• Job Creation and High Skilled Labor In The American Economy

    Senator Chuck Grassley (R-Iowa) and Jeff Sessions (R-Alabama) should be praised for keeping comprehensive immigration reform off the table and focusing on the job-creating benefits of high-skilled labor.

    The Senate Judiciary Committee is holding a full committee hearing today. Richard Trumka, President of the AFL-CIO is the star witness for the hearing and he will represent the idea that labor does not favor programs that allow high-skilled immigrants to work in the United States. Trumka does not want our legal immigration system to allow allowance for higher numbers of high-skilled visas.

    Job creation is the most important issue for the American people right now. They are angry that record numbers of people are dropping out of the workforce and they can see that slow growth is hurting them day-to-day.

    Congress needs to push policies that will grow the economy.

    Studies show that more high skilled laborers into the workforce will expand economic growth. The Hill quoted Sen. Orrin Hatch (R-Utah) as arguing, “we face a high-skilled worker shortage that has become a national crisis.”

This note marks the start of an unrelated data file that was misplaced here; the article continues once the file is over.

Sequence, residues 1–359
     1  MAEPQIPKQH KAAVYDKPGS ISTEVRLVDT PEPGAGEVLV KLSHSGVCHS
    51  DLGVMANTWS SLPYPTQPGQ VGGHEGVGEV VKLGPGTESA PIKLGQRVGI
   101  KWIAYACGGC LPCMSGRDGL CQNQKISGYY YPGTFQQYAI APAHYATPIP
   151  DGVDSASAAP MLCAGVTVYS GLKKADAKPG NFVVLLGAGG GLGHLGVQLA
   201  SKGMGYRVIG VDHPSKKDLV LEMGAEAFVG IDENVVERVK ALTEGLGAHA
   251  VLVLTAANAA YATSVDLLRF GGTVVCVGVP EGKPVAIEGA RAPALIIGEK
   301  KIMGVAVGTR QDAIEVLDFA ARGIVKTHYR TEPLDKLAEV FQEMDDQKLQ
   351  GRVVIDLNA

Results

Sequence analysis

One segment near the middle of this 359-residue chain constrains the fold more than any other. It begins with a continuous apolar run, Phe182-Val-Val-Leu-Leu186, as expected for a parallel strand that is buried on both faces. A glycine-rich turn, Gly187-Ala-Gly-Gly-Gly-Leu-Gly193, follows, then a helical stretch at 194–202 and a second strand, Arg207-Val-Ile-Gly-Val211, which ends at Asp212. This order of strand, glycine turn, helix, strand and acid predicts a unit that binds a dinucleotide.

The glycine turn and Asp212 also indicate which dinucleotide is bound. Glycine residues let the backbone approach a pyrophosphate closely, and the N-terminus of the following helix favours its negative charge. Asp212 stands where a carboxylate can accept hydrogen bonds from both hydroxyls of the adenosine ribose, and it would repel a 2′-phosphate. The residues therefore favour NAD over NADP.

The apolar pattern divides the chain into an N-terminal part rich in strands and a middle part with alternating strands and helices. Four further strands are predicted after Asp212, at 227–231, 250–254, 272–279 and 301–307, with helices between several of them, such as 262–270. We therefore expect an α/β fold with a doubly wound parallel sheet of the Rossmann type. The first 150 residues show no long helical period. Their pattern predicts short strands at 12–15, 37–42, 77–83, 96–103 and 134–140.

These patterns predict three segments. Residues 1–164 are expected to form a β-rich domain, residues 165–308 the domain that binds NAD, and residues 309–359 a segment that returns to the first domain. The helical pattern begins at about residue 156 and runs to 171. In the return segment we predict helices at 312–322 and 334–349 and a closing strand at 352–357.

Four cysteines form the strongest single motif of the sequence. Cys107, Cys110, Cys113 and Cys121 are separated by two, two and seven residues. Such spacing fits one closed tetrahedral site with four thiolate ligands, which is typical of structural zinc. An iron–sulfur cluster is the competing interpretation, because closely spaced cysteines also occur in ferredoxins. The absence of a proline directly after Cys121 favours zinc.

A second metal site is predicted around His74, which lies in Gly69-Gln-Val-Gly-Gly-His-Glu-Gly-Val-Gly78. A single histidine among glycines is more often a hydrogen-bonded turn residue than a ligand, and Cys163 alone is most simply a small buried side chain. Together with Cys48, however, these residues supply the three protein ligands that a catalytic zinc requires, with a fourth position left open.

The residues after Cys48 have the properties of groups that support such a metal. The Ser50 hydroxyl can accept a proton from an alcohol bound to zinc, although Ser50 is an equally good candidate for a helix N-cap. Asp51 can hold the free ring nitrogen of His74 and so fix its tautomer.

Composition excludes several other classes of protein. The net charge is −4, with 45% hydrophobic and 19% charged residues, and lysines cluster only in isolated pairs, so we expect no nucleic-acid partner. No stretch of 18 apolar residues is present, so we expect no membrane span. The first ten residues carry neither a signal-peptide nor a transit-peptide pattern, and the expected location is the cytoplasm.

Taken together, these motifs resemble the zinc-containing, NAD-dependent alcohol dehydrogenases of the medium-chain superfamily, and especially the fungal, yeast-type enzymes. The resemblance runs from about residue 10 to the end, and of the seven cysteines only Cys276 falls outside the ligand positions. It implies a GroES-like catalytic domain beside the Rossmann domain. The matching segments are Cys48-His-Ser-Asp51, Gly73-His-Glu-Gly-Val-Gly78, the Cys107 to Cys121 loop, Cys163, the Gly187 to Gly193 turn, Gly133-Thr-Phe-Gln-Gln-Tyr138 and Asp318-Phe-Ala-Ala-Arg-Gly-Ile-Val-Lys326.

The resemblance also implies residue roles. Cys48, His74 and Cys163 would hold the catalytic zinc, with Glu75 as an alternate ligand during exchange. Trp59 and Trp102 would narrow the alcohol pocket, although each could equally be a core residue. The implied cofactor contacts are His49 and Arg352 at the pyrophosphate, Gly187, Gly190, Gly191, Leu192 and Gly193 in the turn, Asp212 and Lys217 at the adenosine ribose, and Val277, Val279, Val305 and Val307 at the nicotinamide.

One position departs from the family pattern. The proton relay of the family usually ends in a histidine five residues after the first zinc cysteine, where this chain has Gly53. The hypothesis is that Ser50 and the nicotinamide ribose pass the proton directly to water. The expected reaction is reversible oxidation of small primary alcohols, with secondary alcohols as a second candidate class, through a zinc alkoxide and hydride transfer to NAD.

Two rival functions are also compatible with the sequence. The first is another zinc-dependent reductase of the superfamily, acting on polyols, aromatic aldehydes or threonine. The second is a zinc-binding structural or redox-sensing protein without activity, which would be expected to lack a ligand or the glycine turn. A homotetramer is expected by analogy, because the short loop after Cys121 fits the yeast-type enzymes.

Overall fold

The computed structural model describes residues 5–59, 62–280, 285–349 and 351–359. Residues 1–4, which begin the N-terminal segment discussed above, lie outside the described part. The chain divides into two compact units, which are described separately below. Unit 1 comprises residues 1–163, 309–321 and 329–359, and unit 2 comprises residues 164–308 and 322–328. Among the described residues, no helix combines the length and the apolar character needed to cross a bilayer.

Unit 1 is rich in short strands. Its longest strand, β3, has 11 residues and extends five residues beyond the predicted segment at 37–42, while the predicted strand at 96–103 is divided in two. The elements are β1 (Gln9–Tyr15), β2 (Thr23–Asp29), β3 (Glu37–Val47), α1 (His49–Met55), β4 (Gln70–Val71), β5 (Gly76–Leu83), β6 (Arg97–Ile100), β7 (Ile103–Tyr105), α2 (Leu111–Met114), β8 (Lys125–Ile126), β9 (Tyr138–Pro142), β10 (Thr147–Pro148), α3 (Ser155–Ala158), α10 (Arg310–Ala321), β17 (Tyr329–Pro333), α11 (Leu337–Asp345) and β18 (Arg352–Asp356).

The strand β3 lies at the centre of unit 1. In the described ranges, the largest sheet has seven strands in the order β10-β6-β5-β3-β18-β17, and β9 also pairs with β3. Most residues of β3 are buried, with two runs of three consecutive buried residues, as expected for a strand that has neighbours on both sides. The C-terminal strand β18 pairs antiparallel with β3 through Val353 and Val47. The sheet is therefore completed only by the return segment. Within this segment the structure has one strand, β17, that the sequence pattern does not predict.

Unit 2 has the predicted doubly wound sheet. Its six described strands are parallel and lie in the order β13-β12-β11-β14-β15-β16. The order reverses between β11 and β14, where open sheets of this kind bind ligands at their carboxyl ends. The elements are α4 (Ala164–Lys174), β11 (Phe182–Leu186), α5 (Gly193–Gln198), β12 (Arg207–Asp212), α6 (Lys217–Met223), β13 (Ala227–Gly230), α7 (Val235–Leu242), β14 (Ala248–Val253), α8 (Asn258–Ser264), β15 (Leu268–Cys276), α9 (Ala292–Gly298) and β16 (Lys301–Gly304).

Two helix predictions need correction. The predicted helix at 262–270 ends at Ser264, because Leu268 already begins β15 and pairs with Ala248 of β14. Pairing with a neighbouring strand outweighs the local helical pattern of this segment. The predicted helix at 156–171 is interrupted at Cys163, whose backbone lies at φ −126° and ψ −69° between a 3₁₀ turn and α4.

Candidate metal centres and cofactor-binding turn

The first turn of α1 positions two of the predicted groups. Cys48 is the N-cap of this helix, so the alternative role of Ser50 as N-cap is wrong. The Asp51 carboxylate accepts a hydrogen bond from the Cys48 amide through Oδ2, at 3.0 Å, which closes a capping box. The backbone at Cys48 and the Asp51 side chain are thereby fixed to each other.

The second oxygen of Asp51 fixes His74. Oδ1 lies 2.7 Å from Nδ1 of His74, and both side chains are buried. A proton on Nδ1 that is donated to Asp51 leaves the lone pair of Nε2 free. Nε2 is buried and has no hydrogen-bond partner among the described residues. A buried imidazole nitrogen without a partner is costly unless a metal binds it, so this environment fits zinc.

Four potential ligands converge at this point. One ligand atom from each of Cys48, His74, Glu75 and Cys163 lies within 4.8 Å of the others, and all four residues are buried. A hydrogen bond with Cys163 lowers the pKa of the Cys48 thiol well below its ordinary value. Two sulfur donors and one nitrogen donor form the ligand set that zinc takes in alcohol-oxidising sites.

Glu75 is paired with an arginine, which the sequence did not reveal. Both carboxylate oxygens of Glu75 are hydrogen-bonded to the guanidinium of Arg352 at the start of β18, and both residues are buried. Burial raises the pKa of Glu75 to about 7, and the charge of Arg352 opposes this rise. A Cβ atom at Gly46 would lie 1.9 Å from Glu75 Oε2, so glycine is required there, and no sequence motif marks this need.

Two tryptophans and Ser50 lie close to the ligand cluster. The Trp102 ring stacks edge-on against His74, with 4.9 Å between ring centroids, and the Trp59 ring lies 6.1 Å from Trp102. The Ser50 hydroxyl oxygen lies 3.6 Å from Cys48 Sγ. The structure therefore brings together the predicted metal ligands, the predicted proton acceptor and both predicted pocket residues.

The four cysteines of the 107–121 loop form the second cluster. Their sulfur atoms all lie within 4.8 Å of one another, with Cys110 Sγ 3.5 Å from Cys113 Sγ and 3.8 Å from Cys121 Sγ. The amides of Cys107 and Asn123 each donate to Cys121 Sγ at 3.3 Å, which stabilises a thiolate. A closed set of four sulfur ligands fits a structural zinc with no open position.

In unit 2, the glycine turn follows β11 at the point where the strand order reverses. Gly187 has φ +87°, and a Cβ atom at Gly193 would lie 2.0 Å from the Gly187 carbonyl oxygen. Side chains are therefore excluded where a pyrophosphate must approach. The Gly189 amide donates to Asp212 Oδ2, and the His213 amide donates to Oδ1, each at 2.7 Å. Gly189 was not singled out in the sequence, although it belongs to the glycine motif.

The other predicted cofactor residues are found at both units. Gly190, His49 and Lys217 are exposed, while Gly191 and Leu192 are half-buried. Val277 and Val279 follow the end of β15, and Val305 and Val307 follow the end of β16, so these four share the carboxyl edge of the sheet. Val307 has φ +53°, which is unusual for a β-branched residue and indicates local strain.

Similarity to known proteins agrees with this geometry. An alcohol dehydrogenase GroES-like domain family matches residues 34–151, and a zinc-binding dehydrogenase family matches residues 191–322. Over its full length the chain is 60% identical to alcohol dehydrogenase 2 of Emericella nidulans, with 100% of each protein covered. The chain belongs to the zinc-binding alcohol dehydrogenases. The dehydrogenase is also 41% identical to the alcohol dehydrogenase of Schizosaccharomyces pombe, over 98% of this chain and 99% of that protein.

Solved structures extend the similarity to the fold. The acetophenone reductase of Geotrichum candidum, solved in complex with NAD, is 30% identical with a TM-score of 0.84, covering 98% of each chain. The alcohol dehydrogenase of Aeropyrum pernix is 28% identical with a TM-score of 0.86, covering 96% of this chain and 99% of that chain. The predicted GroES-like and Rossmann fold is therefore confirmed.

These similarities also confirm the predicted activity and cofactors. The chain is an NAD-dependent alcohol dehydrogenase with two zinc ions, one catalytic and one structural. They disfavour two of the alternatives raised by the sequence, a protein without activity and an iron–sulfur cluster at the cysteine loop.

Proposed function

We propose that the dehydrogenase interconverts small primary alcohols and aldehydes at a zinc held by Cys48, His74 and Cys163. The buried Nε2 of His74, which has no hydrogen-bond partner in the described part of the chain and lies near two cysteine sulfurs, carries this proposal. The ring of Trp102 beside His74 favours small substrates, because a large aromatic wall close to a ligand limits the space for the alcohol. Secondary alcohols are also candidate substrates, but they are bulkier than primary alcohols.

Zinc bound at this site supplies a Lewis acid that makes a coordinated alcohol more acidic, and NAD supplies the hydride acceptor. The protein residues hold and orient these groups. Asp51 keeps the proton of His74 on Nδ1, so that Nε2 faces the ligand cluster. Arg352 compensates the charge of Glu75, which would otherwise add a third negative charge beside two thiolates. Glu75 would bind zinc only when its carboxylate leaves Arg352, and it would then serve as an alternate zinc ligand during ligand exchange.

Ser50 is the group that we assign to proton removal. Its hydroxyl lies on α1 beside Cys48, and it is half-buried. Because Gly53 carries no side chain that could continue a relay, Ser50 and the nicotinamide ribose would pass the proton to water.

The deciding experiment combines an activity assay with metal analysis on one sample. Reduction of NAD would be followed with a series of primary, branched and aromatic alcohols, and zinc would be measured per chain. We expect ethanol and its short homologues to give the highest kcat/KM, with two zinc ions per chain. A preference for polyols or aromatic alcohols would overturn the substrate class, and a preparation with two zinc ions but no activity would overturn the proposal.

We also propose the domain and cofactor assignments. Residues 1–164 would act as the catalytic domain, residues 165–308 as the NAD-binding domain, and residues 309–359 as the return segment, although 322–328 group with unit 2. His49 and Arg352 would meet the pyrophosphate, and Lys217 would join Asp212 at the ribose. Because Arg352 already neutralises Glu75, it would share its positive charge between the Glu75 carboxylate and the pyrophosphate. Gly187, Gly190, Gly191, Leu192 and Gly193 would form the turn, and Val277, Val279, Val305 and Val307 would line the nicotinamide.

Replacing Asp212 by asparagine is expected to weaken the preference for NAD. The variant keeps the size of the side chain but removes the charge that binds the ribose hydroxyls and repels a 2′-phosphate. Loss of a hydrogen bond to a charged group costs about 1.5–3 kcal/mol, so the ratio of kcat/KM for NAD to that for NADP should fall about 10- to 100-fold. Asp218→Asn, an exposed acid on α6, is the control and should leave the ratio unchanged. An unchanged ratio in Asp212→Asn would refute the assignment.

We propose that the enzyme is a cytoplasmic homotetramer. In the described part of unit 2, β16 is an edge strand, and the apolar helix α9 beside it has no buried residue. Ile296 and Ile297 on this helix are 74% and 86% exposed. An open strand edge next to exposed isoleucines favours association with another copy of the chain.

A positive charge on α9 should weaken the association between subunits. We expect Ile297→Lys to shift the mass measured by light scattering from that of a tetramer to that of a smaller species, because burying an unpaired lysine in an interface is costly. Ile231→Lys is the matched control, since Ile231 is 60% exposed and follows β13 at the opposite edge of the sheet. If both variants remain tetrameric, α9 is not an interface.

The Competitive Enterprise Institute put out a study in 2010 that argued that high skilled workers “contributions to science and technology, high rates of education, low rates of crime, net contribution in tax revenue, and positive effect on the wages and productivity of American workers.” Big Labor will not promote that message and other witnesses will argue for less legal immigration.

    According to the Congressional Budget Office, one category of high tech visas, STEM Visas, would have added $118 billion in the 10 years after that bill passed. This study shows that categories of high tech laborers add to the economy and will help reduce debt.

    This hearing could be a good way to spur a discussion of the fact that high skilled labor helps the economy.

    Roberto Escoban

    Roberto Escoban is the pen name of a conservative activist who spent 20 years working in Washington including a decade on Capitol Hill.

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